This work was supported by grants from the National Science Fund for Young Scholars (30901702) to YX, the California Institute for Regenerative Medicine (CIRM) (RT2-01942), the National Natural Science Foundation of China (81272294, 31430021), the National Basic Research Program of China (973 Program)(2015CB943303) to JFH; the National Natural Science Foundation of China (#81372835) and Jilin Provincial Science and Technology Department (20160101128JC) to WL; and the Key Project of Chinese Ministry of Education (311015), the Bethune Program B (2012202) of the Jilin University, Jilin Provincial Science and Technology Department (20111807, 20140414014GH, and 20150101176), the Platform Construction Project of Development and Reform Commission of Jilin Province (2014N147) to CJ.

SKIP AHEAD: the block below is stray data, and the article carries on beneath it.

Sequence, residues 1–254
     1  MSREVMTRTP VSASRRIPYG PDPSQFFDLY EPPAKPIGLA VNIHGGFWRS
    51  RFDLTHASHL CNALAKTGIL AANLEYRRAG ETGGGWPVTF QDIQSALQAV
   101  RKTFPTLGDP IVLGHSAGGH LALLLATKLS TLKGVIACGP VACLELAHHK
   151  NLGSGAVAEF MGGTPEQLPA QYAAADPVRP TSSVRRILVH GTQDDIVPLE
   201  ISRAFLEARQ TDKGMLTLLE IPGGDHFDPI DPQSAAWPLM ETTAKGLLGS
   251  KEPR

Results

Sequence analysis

Competing Interests

The authors have declared that no competing interest exists.


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Author contact

Corresponding address Corresponding authors: Jiuwei Cui, Cancer Center, the First Hospital of Jilin University, No.71, Xinmin Street, Changchun, 130021, China, Tel: 86-43188782178, Fax: 86-43188786134, e-mail: cuijwedu.cn; or Ji-Fan Hu, Stanford University Medical School, Palo Alto Veterans Institute for Research, Palo Alto, CA 94304, USA, Tel: 650-493-5000, x63175, Fax: 650-849-1213, e-mail: jifanedu.

Received 2016-5-17
Accepted 2016-9-18
Published 2017-4-9